I’ve been on a bit of a hiatus, which is pretty clear to anyone looking at the site recently (and by recently I really mean at any point in 2014). With other projects stacking up a bit (a few of which also involve wine), it’s been hard to find time to blog. However, that’s hopefully going to change a bit in the second half of the year. This refocus on the blog is somewhat prompted by the discovery of a wine shop in my neighborhood that I didn’t realize existed (and has for many years), and which turns out to be maybe the best one. It’s somewhat frustrating that it took me nearly two years to discover it, though I supposed that also speaks to the large number of options in my area. It has a great traditional feel (I don’t think they have air conditioning, which is surprising given how hot and humid Boston summers can get), and is one of those shops with so many small rooms that you keep thinking you’ve seen the whole thing until you go around the next corner. It takes a good 20 minutes to decide if the place is really as big as it seems, or if you’ve simply been walking in circles the whole time (in this case, it’s the former).
The wine I dug up on my first trip in is from the southern Italian region of Apulia (or Puglia, in Italian. I never understood the English name for this region. Lombardia to Lombardy makes sense, Toscana to Tuscany I can see, but why add an “A” to Puglia? Why not just Pulia?). This region is the stiletto heel of the Italian boot, jutting off the southeastern end of the country in the direction of Greece. As I’ve mentioned previously, the four regions of southern Italian (Campania, Basilicata, and Calabria are the other three) don’t have quite the same reputation for fine Italian wine as their northern counter parts. And while Apulia produces more wine then any of those other three regions, this is as true here as anywhere else. Through the middle (and into the later) 20th century, most Apulian wine was reserved for blends in northern wines or, most commonly, in vermouth. Still today, roughly 75% of the wine made in the region is sent off for those purposes. However, there has been much more of an effort in recent years to make more quality wine in the region. As part of this push, many of the traditional vineyards have been replanted, often being replaced with French varietals in the process.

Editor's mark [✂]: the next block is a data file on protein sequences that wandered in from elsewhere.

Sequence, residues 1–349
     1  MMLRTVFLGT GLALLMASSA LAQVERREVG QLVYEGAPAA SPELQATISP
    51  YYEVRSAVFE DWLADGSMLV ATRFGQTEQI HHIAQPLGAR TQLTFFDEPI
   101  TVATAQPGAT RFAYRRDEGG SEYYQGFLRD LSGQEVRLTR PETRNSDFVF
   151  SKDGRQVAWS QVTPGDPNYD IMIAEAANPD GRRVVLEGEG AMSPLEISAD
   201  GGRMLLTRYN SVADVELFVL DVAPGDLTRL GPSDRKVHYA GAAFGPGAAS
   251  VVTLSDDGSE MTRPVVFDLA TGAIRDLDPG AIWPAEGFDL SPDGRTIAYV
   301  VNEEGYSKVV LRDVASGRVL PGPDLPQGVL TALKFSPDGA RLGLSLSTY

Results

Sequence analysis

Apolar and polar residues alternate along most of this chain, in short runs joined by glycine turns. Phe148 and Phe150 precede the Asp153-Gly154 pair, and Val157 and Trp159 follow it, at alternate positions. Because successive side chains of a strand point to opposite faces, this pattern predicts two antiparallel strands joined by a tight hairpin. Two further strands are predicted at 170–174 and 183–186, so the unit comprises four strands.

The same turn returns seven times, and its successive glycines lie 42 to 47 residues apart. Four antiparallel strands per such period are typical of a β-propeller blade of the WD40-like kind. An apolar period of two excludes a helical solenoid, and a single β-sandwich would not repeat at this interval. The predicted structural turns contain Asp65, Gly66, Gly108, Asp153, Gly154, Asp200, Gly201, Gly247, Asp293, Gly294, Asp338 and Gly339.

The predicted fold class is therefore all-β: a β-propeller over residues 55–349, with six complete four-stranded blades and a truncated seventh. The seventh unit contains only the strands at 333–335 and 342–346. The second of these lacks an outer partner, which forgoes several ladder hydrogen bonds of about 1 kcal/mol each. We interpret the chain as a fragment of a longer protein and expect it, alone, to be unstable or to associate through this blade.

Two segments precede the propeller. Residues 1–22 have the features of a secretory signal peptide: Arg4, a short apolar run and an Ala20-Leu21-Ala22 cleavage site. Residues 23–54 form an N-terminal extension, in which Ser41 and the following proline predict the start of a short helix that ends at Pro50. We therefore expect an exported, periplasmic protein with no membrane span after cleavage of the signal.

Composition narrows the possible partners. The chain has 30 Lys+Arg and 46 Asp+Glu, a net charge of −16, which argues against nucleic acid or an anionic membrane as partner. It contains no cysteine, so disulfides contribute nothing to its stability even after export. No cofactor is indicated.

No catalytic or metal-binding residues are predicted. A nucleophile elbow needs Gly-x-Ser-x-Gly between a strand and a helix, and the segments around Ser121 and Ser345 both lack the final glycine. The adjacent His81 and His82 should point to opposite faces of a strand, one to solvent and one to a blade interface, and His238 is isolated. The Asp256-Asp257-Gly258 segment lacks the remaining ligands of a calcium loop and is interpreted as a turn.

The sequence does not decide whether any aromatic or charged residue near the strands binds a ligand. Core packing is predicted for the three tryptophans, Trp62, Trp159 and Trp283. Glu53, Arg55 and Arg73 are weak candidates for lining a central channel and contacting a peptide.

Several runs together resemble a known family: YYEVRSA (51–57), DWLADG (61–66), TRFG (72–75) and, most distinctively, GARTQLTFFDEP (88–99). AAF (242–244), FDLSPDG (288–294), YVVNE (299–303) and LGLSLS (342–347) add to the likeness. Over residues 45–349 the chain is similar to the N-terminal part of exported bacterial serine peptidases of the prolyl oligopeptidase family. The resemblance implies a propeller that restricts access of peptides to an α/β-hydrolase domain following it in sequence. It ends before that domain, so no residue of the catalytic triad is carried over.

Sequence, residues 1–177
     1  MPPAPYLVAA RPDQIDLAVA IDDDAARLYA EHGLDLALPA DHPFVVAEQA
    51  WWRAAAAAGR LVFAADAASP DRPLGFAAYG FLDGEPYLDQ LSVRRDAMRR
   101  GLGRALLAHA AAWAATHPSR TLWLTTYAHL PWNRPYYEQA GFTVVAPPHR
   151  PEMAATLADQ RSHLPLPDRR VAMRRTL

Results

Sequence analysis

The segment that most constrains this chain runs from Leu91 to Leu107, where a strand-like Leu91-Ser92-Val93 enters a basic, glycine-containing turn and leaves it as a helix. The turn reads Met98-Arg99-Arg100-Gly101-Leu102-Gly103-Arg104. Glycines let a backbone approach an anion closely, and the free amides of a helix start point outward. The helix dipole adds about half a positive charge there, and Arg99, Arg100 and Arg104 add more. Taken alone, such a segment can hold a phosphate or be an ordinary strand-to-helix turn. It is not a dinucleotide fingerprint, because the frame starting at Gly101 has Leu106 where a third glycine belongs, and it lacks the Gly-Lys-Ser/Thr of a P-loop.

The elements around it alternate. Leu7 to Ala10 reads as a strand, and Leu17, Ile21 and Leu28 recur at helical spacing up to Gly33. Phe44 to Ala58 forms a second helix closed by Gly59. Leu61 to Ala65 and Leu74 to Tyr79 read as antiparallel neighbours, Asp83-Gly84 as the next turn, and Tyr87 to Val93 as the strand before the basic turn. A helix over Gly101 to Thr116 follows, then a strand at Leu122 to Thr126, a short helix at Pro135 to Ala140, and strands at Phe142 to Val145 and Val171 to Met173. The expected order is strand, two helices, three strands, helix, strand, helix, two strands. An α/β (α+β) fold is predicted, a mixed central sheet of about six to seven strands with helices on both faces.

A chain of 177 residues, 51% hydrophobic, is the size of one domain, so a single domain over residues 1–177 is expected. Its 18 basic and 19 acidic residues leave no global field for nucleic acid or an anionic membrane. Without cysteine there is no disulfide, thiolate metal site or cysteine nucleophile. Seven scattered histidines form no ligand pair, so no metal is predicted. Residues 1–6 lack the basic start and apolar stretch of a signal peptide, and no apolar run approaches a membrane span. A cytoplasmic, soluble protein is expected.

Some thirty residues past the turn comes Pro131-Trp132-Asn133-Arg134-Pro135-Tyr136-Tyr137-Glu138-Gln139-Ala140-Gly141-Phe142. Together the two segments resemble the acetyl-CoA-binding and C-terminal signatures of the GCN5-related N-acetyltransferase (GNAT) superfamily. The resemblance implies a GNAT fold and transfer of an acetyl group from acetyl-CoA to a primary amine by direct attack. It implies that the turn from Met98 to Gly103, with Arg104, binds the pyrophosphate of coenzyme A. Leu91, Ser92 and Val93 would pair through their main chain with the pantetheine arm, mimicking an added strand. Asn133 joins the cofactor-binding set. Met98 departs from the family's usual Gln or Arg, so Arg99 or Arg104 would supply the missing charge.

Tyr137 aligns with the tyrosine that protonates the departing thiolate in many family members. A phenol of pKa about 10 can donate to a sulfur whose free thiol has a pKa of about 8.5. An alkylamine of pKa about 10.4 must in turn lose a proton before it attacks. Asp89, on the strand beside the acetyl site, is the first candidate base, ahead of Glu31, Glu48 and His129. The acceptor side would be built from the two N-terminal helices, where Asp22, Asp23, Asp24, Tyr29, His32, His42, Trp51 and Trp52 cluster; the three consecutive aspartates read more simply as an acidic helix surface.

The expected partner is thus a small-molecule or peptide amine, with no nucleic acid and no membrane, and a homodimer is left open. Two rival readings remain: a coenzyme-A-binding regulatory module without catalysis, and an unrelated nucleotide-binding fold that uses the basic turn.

This wine that I grabbed, however, comes from a region where traditional varietals are still predominant – Negroamaro being the most popular. The region is the Salice Salentino DOC, located in the southern half of the Italian heel, which is actually called the Salento peninsula, centered around the small city of Salice. Wine has been produced in this area since around the 6th century BCE, with the red wines in ancient times were often praised for their sweetness. This is a bit at odds with Negroamaro, though, who’s name translates roughly to “black bitter one”. The reputation more likely came from Negroamaro’s sidekick in these parts – named Malvasia Nera. This grape is often blended with Negroamaro and adds softness to what are otherwise typically dark and intense wines.
This particular bottle is from the producer Leone de Castris. It is made from 90% Negroamaro and 10% Malvasia Nera. It’s appearance is dark and inky; ruby in coloring and deep in intensity. The nose has notes of dark fruit and herbs, along with some oak-related scents such as cedar and vanilla. It has a lot of body and good acidity, with smooth tannins that stick around a while after everything else has left. There are more fruit notes, with lots of dark cherry, plum, and blackberry, along more oak-related flavors and some spice. Overall a very nice expression of what I would expect from a Salice Salentino – I look forward to my next bottle of Italian wine from this shop.